9

What's wrong with this:

wchar_t * t = new wchar_t;

t = "Tony";

I thought I could use a wchar_t pointer as a string...

26

Your code has two issues.

First, "Tony" is a pointer to a string of char's. L"Tony" is the appropriate wide string.

Second, you allocate a single wchar_t via new, then immediately lose track of it by reassigning the pointer to Tony. This results in a memory leak.

  • 4
    To expand on Michael's explanation, the correct syntax would be wchar_t* t = L"Tony";. This would declare a pointer and initialize it to point to the static (wide) string "Tony". – bta Jun 24 '10 at 17:45
  • 3
    The syntax Should actually be wchar_t const* t = L"Tony";. To see why, consider the statement *(t+1) = L'i'; – MSalters Jun 25 '10 at 9:10
11

A pointer just points to a single value. This is important.

All you've done is allocated room for a single wchar_t, and point at it. Then you try to set the pointer to point at a string (remember, just at the first character), but the string type is incorrect.

What you have is a string of char, it "should" be L"Tony". But all you're doing here is leaking your previous memory allocation because the pointer holds a new value.

Rather you want to allocate enough room to hold the entire string, then copy the string into that allocated memory. This is terrible practice, though; never do anything that makes you need to explicitly free memory.

Just use std::wstring and move on. std::wstring t = L"Tony";. It handles all the details, and you don't need to worry about cleaning anything up.

  • 2
    IMO the most correct answer and, with using std::wstring, the best advice. – sbi Jun 24 '10 at 18:19
  • @sbi: Why thank you. :) – GManNickG Jun 24 '10 at 18:57
  • 1
    Excellent answer. – Daniel Trebbien Jun 24 '10 at 19:00
5

What this does is first assign a pointer to a newly allocated wchar_t into t, and then try to assign a non-wide string into t.

Can you use std::wstring instead? That will handle all your memory management needs for you.

  • wstring only exists in MSVC. It's not standard. – Pavel Radzivilovsky Jun 24 '10 at 17:38
  • 6
    @Pavel: That is very wrong. wstring is typedef'ed as a basic_string<wchar_t> and exists on every compliant C++ system/toolchain. – rubenvb Jun 24 '10 at 17:41
  • 6
    @Pavel: §21.2/2: "The header <string> also defines two specific template classes string and wstring and their special traits." – GManNickG Jun 24 '10 at 17:43
  • 1
    @Pavel Radzivilovsky wstring is standard (at least the cppreference says it is cppreference.com/wiki/string/start and all wstring wstringstream,wcin,... classes work with g++) the only thing here could be microsoft not implementing the c++ standard. – josefx Jun 24 '10 at 17:47
  • They did implement a fairly-standard wstring back in '98, in their VC6 release. More recent versions have removed some minor non-compliances in their wstring implementation. (The most important was that wchar_t was a typdef in VC6) – MSalters Jun 25 '10 at 9:14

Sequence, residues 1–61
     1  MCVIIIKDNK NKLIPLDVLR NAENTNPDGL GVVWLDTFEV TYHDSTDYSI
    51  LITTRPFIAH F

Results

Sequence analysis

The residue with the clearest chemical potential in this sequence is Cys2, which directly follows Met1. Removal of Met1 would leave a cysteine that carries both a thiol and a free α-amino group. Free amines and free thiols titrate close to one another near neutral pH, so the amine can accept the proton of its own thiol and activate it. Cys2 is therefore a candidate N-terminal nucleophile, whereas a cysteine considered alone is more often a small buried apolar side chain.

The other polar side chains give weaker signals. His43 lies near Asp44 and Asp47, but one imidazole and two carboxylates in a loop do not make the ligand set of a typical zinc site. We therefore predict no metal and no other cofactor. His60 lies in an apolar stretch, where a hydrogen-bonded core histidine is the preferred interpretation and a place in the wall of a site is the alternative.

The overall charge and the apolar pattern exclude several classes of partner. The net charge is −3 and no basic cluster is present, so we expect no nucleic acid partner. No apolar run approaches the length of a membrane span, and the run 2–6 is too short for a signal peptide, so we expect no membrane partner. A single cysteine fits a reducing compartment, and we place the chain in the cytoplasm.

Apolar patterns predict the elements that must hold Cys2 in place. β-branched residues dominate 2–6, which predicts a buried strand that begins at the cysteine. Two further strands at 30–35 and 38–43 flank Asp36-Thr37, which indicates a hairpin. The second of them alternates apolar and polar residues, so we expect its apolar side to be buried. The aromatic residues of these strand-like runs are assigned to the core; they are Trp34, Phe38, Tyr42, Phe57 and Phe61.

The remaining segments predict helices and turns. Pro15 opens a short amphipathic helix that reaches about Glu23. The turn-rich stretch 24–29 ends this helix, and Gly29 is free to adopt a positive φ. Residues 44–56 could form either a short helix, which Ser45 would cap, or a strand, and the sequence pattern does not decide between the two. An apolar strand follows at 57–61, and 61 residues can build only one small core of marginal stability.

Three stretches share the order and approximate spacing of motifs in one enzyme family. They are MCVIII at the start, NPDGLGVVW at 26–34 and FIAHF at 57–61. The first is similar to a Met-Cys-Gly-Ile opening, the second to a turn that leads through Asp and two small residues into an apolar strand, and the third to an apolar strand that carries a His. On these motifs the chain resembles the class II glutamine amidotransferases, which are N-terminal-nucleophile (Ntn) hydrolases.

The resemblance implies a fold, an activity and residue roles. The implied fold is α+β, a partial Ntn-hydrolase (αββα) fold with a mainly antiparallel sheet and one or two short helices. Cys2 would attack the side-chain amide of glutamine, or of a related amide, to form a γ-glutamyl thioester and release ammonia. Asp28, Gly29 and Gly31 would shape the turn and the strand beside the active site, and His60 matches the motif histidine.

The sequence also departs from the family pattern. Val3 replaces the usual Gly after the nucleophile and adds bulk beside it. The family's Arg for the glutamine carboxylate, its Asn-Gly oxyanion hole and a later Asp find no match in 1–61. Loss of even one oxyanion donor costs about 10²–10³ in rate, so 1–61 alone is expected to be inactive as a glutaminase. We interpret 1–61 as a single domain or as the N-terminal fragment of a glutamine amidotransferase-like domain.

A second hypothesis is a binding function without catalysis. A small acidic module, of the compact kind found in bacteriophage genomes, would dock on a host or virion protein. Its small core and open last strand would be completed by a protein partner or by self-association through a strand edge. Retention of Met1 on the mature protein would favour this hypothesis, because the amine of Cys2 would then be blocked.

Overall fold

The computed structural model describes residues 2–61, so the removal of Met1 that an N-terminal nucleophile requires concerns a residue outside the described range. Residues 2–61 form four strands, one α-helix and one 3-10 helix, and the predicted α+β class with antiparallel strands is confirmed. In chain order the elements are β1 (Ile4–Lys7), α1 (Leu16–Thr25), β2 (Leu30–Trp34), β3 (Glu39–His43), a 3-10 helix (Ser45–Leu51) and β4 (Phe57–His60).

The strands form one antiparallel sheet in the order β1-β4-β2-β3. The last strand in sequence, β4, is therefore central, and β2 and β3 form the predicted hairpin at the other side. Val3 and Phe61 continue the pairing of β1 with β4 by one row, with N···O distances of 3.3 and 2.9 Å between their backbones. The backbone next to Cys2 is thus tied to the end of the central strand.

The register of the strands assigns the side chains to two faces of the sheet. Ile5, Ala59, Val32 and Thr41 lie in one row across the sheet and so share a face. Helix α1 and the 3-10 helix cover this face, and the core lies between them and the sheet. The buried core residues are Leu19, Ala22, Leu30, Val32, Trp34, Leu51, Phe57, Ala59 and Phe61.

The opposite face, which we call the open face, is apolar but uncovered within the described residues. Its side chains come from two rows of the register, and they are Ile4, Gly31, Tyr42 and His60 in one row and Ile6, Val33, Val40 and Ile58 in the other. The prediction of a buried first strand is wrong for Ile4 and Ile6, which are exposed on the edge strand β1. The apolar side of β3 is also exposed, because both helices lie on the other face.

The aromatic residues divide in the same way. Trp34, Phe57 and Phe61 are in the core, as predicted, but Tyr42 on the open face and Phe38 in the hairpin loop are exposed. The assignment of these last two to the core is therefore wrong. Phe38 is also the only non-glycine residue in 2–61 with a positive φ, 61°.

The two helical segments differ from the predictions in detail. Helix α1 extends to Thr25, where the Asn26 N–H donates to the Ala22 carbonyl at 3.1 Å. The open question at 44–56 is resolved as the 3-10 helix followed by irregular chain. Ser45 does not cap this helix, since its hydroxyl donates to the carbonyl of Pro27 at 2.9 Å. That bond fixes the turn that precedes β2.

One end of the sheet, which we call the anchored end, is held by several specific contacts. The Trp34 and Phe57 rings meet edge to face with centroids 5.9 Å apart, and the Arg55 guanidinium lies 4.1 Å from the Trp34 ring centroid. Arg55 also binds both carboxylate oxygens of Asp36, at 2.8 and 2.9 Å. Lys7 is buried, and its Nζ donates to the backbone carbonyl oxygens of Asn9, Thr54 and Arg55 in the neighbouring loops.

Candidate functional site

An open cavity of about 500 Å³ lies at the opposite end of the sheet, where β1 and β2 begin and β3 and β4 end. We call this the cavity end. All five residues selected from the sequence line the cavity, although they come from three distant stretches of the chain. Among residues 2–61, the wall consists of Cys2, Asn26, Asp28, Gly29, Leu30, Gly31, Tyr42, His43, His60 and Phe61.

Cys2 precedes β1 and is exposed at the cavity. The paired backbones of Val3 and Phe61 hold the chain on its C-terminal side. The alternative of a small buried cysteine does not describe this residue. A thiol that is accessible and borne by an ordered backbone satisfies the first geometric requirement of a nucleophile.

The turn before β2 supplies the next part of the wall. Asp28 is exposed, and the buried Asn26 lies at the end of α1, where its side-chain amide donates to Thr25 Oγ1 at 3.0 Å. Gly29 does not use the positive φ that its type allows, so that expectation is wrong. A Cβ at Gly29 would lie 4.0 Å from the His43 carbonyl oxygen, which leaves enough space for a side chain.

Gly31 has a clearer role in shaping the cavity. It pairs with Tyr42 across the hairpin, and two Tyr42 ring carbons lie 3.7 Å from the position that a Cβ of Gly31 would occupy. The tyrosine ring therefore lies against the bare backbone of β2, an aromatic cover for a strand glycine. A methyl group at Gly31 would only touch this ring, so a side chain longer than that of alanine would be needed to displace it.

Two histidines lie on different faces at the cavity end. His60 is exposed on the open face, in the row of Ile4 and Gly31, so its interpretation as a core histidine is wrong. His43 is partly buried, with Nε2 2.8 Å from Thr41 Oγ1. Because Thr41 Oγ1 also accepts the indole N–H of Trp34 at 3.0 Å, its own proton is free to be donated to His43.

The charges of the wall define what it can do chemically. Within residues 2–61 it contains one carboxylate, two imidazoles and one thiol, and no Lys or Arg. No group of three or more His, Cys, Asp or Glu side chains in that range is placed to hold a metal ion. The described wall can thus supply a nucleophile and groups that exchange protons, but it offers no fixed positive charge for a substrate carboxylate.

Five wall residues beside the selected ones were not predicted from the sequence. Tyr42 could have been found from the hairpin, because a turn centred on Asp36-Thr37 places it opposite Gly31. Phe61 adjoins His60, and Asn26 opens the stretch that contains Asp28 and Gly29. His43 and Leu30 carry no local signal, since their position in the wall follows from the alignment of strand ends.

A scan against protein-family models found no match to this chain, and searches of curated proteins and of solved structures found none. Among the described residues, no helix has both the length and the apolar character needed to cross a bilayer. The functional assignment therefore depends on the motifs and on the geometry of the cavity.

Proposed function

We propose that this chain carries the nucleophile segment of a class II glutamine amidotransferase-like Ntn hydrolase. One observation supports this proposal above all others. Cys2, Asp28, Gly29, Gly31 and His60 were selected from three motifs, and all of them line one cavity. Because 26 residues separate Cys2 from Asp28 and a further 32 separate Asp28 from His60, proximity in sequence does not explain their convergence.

5

Since you are a C# developer I will point out a few things c++ does different.

This allocates a new wchar_t and assigns it to t

wchar_t* t = new wchar_t

This is an array of constant char

"Tony" 

To get a constant wchar_t array prefix it with L

L"Tony"

This reasigns t to point to the constant L"Tony" instead of your old wchar_t and causes a memory leak since your wchar_t will never be released.

t = L"Tony"

This creates a string of wide chars (wchar_t) to hold a copy of L"Tony"

std::wstring t = L"Tony"

I think the last line is what you want. If you need access to the wchar_t pointer use t.c_str(). Note that c++ strings are mutable and are copied on each assignment.

The c way to do this would be

const wchar_t* t = L"Tony"

This does not create a copy and only assigns the pointer to point to the const wchar array

0

you can, its just that "Tony" is a hardcoded string, and they're ANSI by default in most editors/compilers. If you want to tell the editor you're typing in a Unicode string, then prefix it with L, e.g. t = L"Tony".

You have other problems with your code, your allocation is allocating a single Unicode character (2 bytes), then you're trying to point the original variable to the constant string, thus leaking those 2 bytes.

If you want to create a buffer of Unicode data and place data into it, you want to do:

wchar_t* t = new wchar_t[500];
wcscpy(t, "Tony");
  • The size of a wchar_t is compiler specific and may be as small as 1 byte and as large as 4. – Niki Yoshiuchi Jun 24 '10 at 18:51
-1

this is completely wrong. There's no need to allocate two bytes, make t to point to them, and then overwrite the pointer t leaking the lost memory forever.

Also, "Tony" has a different type. Use:

wchar_t *t = L"Tony";

IMHO better don't use wchars at all - See https://stackoverflow.com/questions/1049947/should-utf-16-be-considered-harmful

  • Probably a typo but wchar_t t = ... should be wchar_t *t = ... – Niki Yoshiuchi Jun 24 '10 at 17:39
  • fixed, thx. a tpyo.. – Pavel Radzivilovsky Jun 24 '10 at 18:30
  • 4
    Also a wchar_t isn't necessarily two bytes. In the version of gcc I'm using a wchar_t is 4 bytes, and the standard says it's compiler specific. It can even be a single byte. – Niki Yoshiuchi Jun 24 '10 at 18:59

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